The following shows some of my logo experiments alongside the dance school’s existing logo. My client was happy for me to redesign and rebrand, which gave me a lot of freedom to create something fresh and exciting.


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04 Mar

Web Dev: CMS vs Hand Coding

Choosing how to create a website demands a fair amount of research and reasoned decision-making. This will ensure that I don’t waste time, energy and money further down the line.

Initially, there are two different ‘paths’ that spring to mind; some sort of Content Management System (CMS) such as WordPress or to hand code the website. There are lots of interesting ideas about how to go about choosing the technology/language/framework on various blogs, but ultimately it varies from project to project.

The best way to decide is to research into some of the advantages and disadvantages of each method, and see how this particular project fits into this. This post on 7Host’s blog highlights some of them, which I based the following table on. It shows the reasons why I have decided hand coding will be better for this project.

CMS Hand coding
Benefits Easy programming, easy user management, templates, great for blogs and larger-scale projects. Complete control, greater understanding, quick, clean and efficient.
Disadvantages Customisation/modifying can be tedious, loading times/bigger websites. More work initially, knowledge required, debugging time.
Project specific notes Only necessary if client wanted to blog. Project is small-scale, not enough to warrant database backing. Made-to-fit code, efficient and a better method for a mainly static site.

Even after deciding on hand coding instead of CMS, there are a few different options I could chose to progress. Either begin coding from scratch, using a simple text editor, or start from a CSS framework such as Bootstrap, Foundation or Skeleton. I created my portfolio site from scratch, so I know roughly what I am  currently capable of coding (obviously, there is always more to learn!).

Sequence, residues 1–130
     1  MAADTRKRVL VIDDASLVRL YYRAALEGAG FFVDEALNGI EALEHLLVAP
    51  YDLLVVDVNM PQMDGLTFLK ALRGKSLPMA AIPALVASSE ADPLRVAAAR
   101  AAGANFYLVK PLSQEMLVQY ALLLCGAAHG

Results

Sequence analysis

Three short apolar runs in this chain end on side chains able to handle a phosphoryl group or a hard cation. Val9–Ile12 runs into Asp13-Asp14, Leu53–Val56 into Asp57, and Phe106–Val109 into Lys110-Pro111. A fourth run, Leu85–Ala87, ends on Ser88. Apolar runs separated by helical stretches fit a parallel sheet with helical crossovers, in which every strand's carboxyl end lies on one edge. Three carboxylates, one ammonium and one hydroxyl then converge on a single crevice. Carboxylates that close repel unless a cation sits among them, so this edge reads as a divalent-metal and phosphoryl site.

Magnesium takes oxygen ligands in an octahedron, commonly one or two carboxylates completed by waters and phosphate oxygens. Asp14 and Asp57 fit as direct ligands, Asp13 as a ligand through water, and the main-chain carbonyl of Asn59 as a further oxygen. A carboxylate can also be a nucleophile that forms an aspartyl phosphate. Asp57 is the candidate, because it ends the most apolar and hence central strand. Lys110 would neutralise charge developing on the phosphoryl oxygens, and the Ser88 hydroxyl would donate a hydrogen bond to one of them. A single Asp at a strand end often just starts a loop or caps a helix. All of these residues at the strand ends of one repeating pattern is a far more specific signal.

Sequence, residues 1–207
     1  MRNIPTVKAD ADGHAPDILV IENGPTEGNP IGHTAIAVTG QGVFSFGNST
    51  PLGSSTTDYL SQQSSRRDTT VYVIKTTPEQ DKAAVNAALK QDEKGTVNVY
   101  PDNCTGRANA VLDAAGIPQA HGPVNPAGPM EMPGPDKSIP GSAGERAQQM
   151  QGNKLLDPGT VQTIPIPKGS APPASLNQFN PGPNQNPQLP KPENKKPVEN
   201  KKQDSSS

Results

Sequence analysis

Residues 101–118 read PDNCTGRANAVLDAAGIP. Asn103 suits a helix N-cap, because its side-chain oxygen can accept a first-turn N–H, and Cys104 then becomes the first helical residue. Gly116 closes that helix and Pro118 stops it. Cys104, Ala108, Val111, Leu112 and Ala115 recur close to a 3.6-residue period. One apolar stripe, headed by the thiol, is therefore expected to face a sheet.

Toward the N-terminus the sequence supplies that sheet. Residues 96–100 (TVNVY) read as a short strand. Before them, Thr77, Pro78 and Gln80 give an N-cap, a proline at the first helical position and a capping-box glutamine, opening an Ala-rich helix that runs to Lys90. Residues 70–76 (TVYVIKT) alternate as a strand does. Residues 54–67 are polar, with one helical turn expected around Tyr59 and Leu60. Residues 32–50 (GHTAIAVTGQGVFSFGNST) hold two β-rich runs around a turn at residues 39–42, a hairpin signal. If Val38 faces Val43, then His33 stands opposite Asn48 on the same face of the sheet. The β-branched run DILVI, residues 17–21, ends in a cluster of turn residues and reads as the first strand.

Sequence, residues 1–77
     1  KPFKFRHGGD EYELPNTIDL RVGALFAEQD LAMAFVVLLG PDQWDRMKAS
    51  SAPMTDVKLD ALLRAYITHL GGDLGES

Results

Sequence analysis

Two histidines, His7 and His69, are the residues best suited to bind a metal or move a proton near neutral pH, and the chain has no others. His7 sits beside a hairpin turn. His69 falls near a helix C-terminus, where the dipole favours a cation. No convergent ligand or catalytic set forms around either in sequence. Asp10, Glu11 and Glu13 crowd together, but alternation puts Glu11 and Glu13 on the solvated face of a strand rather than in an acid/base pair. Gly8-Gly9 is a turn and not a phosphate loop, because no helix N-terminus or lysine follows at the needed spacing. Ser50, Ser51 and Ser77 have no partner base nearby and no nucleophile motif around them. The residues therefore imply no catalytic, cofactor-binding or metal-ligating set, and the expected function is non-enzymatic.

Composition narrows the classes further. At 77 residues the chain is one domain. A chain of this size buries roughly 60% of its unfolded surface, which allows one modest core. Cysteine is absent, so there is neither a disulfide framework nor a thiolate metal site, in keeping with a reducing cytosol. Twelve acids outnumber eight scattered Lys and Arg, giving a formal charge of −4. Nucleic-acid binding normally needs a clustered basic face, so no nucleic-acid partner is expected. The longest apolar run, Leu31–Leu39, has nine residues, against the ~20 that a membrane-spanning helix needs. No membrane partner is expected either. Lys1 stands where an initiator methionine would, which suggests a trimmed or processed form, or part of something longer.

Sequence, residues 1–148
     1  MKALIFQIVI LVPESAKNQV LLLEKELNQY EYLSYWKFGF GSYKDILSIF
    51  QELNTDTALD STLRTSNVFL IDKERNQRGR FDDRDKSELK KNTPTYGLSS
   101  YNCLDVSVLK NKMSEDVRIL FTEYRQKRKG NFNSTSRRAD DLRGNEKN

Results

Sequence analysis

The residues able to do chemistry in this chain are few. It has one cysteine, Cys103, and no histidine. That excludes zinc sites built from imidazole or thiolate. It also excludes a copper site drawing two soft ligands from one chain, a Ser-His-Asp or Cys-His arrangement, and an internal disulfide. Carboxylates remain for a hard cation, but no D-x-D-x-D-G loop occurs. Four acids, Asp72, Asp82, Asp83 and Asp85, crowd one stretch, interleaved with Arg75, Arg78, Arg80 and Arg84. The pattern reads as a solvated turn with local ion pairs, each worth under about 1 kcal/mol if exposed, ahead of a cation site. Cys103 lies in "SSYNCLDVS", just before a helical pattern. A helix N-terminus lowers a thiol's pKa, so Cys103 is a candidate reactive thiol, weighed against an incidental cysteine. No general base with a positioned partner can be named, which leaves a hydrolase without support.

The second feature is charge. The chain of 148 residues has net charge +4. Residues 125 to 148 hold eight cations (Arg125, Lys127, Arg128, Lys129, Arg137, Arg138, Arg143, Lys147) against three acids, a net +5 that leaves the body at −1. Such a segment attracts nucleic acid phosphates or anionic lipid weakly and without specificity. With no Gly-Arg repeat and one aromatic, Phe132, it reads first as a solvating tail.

In comparison, this article on Mashable shows a list of some popular frameworks that I can begin to research, but aside from looking at some examples and reading about them, the best way I can determine what will be most suitable is to try them. Experimenting in this way will only improve my skill set and allow me to build up my own personal web designer’s toolkit.


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04 Mar

Women’s History Month: Rosa Parks

March is Women’s History Month.

Rosa Parks by Ashley Nye

© 2015 Ashley Nye

This year will be 60 years since Rosa Parks famously refused to give up her seat to a white passenger while riding a bus in Alabama. She became an important symbol of the Civil Rights Movement.

Directly as a result of her arrest, a boycott was arranged, asking all black people to avoid using the buses in Montgomery.

“The more we gave in, the more we complied with that kind of treatment, the more oppressive it became.” – Rosa Parks

One of the interesting parts of this is the way in which the boycott was arranged. Jo Ann Robinson knew that something had to be done urgently, and mimeographed over 35,000 handbills in one night announcing a bus boycott. The Women’s Political Council distributed these thousands of leaflets, and the Montgomery Bus Boycott went ahead successfully.